Oliver Joseph 'Noll' Scott

Noll Scott has died aged 51 in a car crash in Brazil, along with his daughter Tania.

He
was a Latin America expert, a foreign correspondent and a computer
genius who helped transform The Guardian for the demands of the digital
age.

Oliver Joseph ‘Noll’ Scott was born on 12 April 1953 in Glossop, Derbyshire.

After
leaving Bootham College in York, he spent a gap year in South America,
initiating what was to become one of the abiding interests of his life.

After
a brief interlude studying mathematics and philosophy at Bedford
College he was on his way back to South America, working his passage on
a steamer.

He spent his 21st birthday in a Peruvian jail because of visa problems.

Undaunted, he got his first journalistic job working for the Peruvian Times .

Back
in England, after two years at Queen Mary College he resumed his
journalistic career – including a stint at Building magazine, where one
of his assignments was to review a new brick.

In 1979 he joined The Morning Star .

There he met Pat Smith, whom he married in 1980, and with whom he had two children, Nicky and Tania.

Two
years later he returned to Latin America, this time working for the
Prensa Latina news agency in Cuba and as a stringer for The Guardian .

He formally joined the paper in 1987, eventually joining the foreign news desk.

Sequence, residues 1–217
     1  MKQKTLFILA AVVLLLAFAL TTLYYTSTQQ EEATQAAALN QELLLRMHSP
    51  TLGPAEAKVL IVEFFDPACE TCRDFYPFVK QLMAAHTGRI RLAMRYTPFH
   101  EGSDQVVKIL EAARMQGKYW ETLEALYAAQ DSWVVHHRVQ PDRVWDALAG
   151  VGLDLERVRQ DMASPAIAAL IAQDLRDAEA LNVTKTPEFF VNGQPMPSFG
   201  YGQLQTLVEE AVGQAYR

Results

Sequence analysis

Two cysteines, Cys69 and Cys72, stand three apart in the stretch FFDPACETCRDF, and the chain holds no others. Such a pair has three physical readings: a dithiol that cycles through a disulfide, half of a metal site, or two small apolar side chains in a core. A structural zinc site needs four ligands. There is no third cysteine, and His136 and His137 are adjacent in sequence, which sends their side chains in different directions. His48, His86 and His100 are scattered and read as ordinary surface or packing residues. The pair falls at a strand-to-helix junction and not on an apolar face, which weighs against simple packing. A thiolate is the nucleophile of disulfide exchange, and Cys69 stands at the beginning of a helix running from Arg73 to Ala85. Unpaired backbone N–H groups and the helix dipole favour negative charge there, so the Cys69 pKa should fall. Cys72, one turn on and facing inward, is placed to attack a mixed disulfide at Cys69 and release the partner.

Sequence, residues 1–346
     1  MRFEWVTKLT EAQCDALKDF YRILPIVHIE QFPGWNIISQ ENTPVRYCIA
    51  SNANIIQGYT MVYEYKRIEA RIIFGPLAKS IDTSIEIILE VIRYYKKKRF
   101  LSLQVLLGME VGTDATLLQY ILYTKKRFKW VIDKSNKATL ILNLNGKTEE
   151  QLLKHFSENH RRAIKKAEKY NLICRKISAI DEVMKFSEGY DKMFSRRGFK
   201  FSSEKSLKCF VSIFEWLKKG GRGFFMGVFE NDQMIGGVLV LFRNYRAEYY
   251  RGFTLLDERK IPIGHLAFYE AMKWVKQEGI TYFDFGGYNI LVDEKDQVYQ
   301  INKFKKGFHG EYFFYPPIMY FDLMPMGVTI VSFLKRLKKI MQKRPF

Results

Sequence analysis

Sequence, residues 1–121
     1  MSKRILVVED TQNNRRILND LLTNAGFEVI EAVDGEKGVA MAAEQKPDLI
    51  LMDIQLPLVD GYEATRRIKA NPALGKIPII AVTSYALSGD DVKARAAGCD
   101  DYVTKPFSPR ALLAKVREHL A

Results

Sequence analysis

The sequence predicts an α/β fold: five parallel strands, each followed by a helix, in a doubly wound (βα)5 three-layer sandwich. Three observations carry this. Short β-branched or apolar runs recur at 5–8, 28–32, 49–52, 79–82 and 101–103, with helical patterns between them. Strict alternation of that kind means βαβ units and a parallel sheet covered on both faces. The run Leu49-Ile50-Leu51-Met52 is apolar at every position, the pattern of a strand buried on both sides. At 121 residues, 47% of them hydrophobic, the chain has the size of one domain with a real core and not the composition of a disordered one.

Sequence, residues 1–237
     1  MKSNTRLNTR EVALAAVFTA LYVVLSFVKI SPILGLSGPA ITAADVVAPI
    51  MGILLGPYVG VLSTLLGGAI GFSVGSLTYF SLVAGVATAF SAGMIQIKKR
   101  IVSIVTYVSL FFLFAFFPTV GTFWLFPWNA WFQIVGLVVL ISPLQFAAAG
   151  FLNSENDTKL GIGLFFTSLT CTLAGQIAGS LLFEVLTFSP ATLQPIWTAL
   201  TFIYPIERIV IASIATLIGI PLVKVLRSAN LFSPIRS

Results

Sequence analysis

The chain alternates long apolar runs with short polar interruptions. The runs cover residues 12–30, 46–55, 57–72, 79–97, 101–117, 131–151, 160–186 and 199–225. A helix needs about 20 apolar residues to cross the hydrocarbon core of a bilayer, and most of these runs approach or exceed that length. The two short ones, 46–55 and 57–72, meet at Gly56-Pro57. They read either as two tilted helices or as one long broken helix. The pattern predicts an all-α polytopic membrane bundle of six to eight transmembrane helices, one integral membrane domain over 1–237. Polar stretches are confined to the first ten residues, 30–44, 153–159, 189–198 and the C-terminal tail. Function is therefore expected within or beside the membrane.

In
1994 he was posted to Brazil as Latin American editor, a brief he
fulfilled with sympathy, humour and insight. It was in Sao Paulo that
he met his second wife, Tina Leme.

After 18 months he returned to London and put his computer skills – largely self-taught – to good use.

While
his byline drops out of the electronic archive at this point, that
archive itself was just one of his many achievements of his work in the
editorial systems department.

He was a key figure in a wide range
of areas from putting the crossword online to the creation of the
newspaper’s pioneering digital editions.

His unique combination
of talents – journalist, programmer and effortless communicator – meant
that in his amiable, unassuming way he accomplished more than legions
of consultants and analysts.

A man of great charm and warmth, who
loved to discuss with friends – who included most people he met –
everything from politics to football.

He always retained his love for Latin America, an affinity reflected in his approach to punctuality.

Beyond his many talents, it is his cheerful, if slightly unkempt, presence that will be missed most.

Noll is survived by his first wife Pat and their son Nicky, his second wife Tina and their son Ian.

Chris Taylor

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